• The less you consume, the less baggage you have in your life.
  • The less you consume, the sooner you can retire.

Like me, you've probably seen this math a million times. But I hope that, like me, you never tire of its beauty.

Let's say you have an average job. Maybe you're a box salesman (or saleswoman). You earn $50,000 per year selling corrugated packaging to industrial clients in your hometown. If you earn $50,000 per year and you spend $50,000 per year, you have no “margin”. If something goes wrong — you get sick, you lose your job — you have no choice but to cut back because your living expenses are the same as your income.

If, on the other hand, you spend only $25,000 per year, you have a buffer. If you suffer some sort of catastrophic box injury that prevents you from working for six months, you'll be better able to cope with the crisis. If you lose your job, you only have to find a job that pays $25,000 instead of a job that pays $50,000. By spending less, you give yourself more options for work.

The less you consume, the less you have to earn to support your current lifestyle. And the less you consume, the sooner you can retire in the future.

By maintaining an ambitious saving rate of 50 or even 70 percent in your twenties and thirties, you can retire when you're 40 years old instead of 65. This gives you forty years of freedom to do what you want with life rather than fifteen.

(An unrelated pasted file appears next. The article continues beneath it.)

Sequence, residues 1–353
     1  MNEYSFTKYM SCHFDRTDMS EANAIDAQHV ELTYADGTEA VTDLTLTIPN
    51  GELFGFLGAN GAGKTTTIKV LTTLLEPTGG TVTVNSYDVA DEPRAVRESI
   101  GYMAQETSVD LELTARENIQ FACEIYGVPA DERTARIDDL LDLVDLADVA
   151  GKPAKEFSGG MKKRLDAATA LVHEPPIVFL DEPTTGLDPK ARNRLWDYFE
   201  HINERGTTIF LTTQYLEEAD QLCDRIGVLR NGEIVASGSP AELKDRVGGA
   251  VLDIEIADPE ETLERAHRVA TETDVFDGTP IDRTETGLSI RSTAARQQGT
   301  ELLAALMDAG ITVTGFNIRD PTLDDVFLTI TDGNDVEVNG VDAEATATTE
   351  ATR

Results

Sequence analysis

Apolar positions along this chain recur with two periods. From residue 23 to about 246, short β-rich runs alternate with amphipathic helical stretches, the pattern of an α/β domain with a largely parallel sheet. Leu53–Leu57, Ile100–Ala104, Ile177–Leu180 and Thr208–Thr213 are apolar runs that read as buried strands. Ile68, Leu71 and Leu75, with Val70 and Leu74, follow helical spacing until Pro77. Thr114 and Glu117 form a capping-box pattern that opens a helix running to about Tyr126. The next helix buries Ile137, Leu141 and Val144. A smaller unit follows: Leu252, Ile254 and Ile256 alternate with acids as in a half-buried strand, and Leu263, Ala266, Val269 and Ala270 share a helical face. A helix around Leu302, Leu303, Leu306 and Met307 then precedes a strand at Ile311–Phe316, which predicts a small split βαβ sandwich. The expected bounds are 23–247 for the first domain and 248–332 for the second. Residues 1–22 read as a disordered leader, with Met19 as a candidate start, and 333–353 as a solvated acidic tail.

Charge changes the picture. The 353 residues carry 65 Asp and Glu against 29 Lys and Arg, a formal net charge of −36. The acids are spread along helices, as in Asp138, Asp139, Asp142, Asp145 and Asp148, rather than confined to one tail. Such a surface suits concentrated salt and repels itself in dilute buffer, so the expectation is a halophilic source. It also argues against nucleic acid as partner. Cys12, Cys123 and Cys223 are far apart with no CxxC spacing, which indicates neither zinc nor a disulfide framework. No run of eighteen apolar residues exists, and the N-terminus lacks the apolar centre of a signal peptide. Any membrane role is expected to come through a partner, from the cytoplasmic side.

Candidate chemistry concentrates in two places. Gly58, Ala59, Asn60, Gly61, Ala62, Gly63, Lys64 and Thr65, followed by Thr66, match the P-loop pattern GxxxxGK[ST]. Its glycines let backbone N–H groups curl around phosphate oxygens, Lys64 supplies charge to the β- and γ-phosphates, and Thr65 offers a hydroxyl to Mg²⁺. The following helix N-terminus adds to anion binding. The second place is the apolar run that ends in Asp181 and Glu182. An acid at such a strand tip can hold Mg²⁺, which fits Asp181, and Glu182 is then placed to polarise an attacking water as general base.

This table demonstrates the power of profit margin, the power of frugality:

[The Power of Profit Margin]

Spending less makes all financial goals easier to achieve. As Dave wrote in his guest post earlier this week, frugality buys discipline — and discipline equals freedom.

Depriving yourself of certain “standard” choices now means you don't have to lead a life of deprivation when you're older. When you choose to spend less, you're not just boosting your bottom line. You're also gaining the time and freedom that would have been required to earn that money. Thrift isn't deprivation. It's wealth.

(This reminds me of Dave Ramsey's famous quote: “If you will live like no one else, later you can live like no one else.”)

Frugality and Me

So, why am I writing about this? Why have I been thinking so much about frugality lately? After all, I'm hardly a poster boy for thrift. I am by nature a spender. This is a known issue and has been all of my life.

That said, I do aspire to frugality. I admire frugal people. Because frugality is a core value of the early retirement movement, and because I spend much of my time with the FIRE crowd, their inclination toward frugality tends to act as a brake on my own spending. This is a good thing. And because many of my colleagues are non-consumer advocates, I find myself thinking about frugal alternatives (even if I don't always follow through with them).